Christianity and Racial Reconciliation Strategies

Peter Slade’s Open Friendship in a Closed Society examines Mission Mississippi, an organization that encourages African American and white Christians to form intentional friendships across racial lines. Prayer breakfasts, picnics, and similar interactive events facilitate this process. Some sociologists, however, find this approach individualistic and present multiracial congregations as the future of religious racial reconciliation:

The sociologists Michael O. Emerson and Christian Smith conclude from their study that white evangelicals’ solutions to the race problem in America are “profoundly individualistic.” They characterize this approach as, “become a Christian, love your individual neighbors, establish a cross-race friendship, give individuals the right to pursue jobs and individual justice without discrimination by other individuals, and ask forgiveness of individuals one has wronged.” This approach simply does not address, what Smith and Emerson call, “major issues of racialization.”

The first step for white evangelicals to address the problems of racialized America, Smith and Emerson argue, is to “modify their cultural toolkit” so they recognize there is a systematic dimension to the problem. In a remarkable agreement between sociology and theology, Smith and Emerson’s conclusions, as to how such a change might occur, converge with Miroslav Volf’s theory of double vision. For white evangelicals to extend their individualistic culture toolkit to include an understanding of racialized structural issues, their perceptions of society, Emerson and Smith argue, must start “to resemble those of African Americans.”

Smith and Emerson discovered, rather unsurprisingly, that this change in perceptual toolkit among white evangelicals occurs in direct relation to their contact with black Americans. Interestingly, however, they found that individual friendships seem to have little effect on this perceptual change; instead, “changes in racial perspectives occur mainly in the contexts of interracial networks.” These include networks of family, neighborhood, work, and church. The two sociologists noted that in white evangelical culture, outside of family, church provides the most significant and time-consuming social network. Because most of these churches are racially homogenous, Smith and Emerson concluded that churches tend to function as monochromatic networking machines that perpetuate and reinforce a racialized society.” (167-8)

However, subsequent research, some by the same sociologists, cast doubt on the practicality of racially integrated congregations to drive societal change. “Their study of six different religious organizations led them to conclude, ‘Interracial organizations are inherently unstable.’ It seems that multiracial churches, despite their best intentions, are more likely to be in a state of transition than sustainable integration” (168).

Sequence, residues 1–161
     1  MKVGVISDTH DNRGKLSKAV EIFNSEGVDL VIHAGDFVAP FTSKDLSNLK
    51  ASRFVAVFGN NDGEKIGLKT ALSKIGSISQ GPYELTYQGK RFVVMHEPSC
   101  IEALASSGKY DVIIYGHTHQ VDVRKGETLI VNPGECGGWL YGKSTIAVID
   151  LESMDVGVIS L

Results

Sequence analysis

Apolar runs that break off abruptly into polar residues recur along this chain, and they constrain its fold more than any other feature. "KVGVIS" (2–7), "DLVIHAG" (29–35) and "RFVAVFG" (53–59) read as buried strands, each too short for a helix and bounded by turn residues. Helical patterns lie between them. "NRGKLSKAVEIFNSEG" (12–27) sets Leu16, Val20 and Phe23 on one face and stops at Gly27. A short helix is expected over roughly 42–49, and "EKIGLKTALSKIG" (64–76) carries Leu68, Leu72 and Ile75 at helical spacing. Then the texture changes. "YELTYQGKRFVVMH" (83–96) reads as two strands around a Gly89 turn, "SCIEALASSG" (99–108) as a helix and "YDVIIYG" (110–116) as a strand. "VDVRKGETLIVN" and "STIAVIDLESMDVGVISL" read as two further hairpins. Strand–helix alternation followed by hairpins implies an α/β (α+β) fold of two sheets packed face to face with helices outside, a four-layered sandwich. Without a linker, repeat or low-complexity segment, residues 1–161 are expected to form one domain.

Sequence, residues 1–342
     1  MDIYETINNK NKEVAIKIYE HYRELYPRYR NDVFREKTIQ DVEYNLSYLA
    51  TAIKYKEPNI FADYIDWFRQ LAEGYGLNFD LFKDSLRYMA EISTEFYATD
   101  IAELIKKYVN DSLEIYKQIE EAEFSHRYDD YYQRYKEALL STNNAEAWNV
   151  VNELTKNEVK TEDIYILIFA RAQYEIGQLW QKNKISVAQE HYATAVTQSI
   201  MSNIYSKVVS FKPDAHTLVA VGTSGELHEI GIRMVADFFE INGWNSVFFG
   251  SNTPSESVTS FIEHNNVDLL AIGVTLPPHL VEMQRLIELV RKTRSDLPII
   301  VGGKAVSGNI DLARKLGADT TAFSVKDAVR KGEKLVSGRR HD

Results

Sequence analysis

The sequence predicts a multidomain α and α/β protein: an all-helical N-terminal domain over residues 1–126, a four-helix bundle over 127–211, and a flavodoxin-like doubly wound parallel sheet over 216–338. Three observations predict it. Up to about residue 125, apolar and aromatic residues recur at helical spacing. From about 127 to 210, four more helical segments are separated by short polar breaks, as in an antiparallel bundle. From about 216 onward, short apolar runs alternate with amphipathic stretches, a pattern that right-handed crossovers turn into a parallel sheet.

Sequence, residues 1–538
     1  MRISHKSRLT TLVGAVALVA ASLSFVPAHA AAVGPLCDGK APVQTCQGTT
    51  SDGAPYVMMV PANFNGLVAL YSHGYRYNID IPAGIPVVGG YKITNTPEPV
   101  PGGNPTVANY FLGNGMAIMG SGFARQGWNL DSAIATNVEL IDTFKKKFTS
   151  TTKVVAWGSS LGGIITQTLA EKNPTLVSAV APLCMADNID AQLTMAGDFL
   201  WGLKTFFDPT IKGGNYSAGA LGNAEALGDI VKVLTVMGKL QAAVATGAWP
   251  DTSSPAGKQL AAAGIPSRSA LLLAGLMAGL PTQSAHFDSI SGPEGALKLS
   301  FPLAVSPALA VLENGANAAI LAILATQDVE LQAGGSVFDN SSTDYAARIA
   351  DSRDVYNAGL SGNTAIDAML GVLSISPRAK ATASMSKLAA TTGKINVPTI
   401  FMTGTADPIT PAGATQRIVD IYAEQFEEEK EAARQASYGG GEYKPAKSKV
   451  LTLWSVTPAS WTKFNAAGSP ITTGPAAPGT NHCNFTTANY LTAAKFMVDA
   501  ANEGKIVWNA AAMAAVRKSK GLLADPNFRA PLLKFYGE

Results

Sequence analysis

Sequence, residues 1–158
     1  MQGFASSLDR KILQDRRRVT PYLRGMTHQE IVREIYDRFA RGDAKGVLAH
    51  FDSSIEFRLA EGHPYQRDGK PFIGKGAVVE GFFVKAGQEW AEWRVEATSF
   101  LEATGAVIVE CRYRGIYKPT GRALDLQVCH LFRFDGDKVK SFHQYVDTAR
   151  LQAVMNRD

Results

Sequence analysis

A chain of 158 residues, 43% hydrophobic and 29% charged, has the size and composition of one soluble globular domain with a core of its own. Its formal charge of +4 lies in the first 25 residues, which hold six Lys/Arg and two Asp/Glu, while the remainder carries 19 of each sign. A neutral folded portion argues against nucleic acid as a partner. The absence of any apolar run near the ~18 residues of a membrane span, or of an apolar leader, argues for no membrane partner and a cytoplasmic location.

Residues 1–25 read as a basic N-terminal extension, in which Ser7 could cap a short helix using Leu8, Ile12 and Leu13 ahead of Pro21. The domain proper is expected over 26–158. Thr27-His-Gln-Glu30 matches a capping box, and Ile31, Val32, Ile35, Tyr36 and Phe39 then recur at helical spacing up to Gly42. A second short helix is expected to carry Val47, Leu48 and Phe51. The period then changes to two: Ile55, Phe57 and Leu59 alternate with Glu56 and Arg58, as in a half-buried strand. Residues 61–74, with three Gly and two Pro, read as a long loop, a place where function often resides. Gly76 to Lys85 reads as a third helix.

So, acknowledging the limitations of Mission Mississippi’s individualism, Slade still believes it provides an appropriate and realistic starting-point, with the prospects of a bright future.

If evangelicals’ emphasis on individual friendship as a solution to the problem of race is as ineffective as rearranging the deckchairs on the Titanic, then those sociologists proposing the solution of multiracial congregations are drawing up blueprints for a better liner as the ship sinks. Designing a better vessel will not help the passengers and crew in their current predicament….

Mission Mississippi’s prayer breakfasts and other events are creating new multiracial church networks without expending energy on trying directly to change the racial makeup of preexisting congregations. Mission Mississippi carefully avoids the suggestion that member congregations should integrate or become multiracial. This avoidance draws criticism, but the strategy makes sense in light of the sociologists’ findings. Just considering the prayer breakfasts, we find people in networks of open friendship constituted by the Christian practice of narrating their life stories as part of the drama of salvation. Maintaining these delicate cross-racial, cross-cultural, and cross-denominational networks is difficult enough without saddling the project with the insistence on achieving this in the statistically near-impossible environment of a single congregation. (168-9)

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Published in: on May 13, 2011 at 9:54 am  Leave a Comment  

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